A stampede of Senate Democrats led by some of the party’s most endangered incumbents rushed forward on Tuesday calling for Senator Robert Menendez of New Jersey to resign, a day after he defiantly vowed to fight federal corruption charges and predicted he would be exonerated.
Even as Senator Chuck Schumer of New York, the majority leader, defended Mr. Menendez as a “dedicated public servant” and refused to publicly move to push him out, the drumbeat for Mr. Menendez to step down grew from within his ranks. That left Mr. Schumer in a difficult position, caught between his role as the leader and defender of all Senate Democrats and the political imperative of cutting loose a member of his caucus who had become a political liability in an already difficult slog to keep the party’s Senate majority.
The most notable call for Mr. Menendez to go came from Senator Cory Booker, the junior senator from New Jersey who has long been a close friend and fierce defender of Mr. Menendez. Mr. Booker, who testified as a character witness for Mr. Menendez during his first corruption trial, said the “shocking allegations of corruption” were “hard to reconcile with the person I know.”
He added: “I believe stepping down is best for those Senator Menendez has spent his life serving.”
His call came amid a flood of calls by Democrats running for re-election next year in politically competitive states, who appeared eager to distance themselves from Mr. Menendez. The third-term senator was indicted last week on bribery charges in what prosecutors alleged was a sordid scheme that included abusing his power as chairman of the Senate Foreign Relations Committee to benefit Egypt.
Senator Jon Tester of Montana, who is running in a state that former President Donald J. Trump won by more than 16 points in 2020, said Mr. Menendez needed to go “for the sake of the public’s faith in the U.S. Senate.” Senator Sherrod Brown of Ohio, a onetime bellwether state that has shifted sharply to the right over the past two presidential election cycles, said Mr. Menendez had “broken the public trust and should resign from the U.S. Senate.”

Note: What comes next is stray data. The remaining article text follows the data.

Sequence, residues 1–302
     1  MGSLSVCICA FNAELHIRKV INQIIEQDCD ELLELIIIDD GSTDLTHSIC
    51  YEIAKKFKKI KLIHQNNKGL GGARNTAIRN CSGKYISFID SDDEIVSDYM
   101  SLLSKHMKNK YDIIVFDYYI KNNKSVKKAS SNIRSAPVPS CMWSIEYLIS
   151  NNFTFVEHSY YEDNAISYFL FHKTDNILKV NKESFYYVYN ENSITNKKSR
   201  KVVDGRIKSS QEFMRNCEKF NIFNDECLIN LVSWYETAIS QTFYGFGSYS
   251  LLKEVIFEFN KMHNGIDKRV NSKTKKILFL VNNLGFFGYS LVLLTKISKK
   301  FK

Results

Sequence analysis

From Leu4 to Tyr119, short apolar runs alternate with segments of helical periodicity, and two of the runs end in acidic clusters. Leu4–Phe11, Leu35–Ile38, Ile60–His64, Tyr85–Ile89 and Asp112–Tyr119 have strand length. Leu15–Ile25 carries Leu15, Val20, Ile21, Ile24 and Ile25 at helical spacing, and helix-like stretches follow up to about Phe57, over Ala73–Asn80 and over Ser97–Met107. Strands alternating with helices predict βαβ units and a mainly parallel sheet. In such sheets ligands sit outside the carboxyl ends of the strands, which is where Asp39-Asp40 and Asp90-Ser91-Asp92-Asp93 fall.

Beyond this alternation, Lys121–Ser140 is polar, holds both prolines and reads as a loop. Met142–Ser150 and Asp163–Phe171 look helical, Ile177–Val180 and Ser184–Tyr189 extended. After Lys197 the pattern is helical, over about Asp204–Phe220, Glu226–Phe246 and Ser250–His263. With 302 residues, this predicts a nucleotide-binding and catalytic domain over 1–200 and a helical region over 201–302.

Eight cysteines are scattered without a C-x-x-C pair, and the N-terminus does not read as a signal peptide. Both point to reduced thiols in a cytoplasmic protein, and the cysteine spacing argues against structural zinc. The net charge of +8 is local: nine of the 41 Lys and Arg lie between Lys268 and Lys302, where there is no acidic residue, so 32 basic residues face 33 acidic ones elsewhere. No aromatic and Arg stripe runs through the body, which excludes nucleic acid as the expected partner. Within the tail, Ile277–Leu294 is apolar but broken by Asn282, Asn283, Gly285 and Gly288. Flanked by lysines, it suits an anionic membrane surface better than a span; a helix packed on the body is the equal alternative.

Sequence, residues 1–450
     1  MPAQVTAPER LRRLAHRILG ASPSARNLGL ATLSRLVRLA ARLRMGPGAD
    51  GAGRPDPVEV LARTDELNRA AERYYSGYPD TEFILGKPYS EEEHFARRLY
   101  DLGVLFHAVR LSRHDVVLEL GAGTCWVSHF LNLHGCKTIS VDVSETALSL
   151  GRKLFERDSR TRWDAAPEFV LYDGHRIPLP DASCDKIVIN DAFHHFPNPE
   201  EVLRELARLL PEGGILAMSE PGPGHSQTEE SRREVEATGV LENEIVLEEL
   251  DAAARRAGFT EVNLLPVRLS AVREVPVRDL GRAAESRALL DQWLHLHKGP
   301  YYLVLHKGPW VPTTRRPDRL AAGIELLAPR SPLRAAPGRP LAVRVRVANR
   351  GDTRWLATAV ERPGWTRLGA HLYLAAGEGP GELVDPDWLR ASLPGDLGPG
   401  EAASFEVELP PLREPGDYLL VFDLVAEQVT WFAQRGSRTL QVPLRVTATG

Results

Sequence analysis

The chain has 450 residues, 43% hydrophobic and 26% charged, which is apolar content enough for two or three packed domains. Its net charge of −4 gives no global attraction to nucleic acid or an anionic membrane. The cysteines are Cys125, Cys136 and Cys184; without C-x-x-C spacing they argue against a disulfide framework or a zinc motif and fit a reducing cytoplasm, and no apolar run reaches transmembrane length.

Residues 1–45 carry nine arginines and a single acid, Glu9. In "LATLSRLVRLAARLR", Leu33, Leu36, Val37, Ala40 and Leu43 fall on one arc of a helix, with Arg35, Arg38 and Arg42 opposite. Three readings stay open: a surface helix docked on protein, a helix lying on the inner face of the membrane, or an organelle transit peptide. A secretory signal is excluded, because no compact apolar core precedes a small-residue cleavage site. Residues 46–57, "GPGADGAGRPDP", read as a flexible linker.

And Senator Jacky Rosen of Nevada, who launched her re-election bid in a battleground state by predicting that her race would decide control of the Senate, said the corruption charges were a “distraction that undermines the bipartisan work we need to do in the Senate for the American people.”
Democrats view the fact that they were able to get all of their vulnerable senators to run for re-election in 2024 as their biggest source of strength in their quest to hold onto their slim majority next year.
By noon, those vulnerable Democrats had helped open the floodgates, with more than a dozen Democratic senators from across the country joining them and rushing to release statements calling for Mr. Menendez’s resignation ahead of their weekly lunch in the Capitol. “No one is entitled to serve in the U.S. Senate, and he should step aside,” said Senator Michael Bennet of Colorado.
By late afternoon, Senator Gary Peters of Michigan, the head of the Senate Democrats’ campaign arm who is leading the effort to keep the party’s hold on the majority, also called on him to quit.
That sharpened the questions about what Mr. Schumer would do, especially given that New York’s other senator, Kirsten Gillibrand, said on Tuesday that she agreed with Mr. Booker that Mr. Menendez should step down.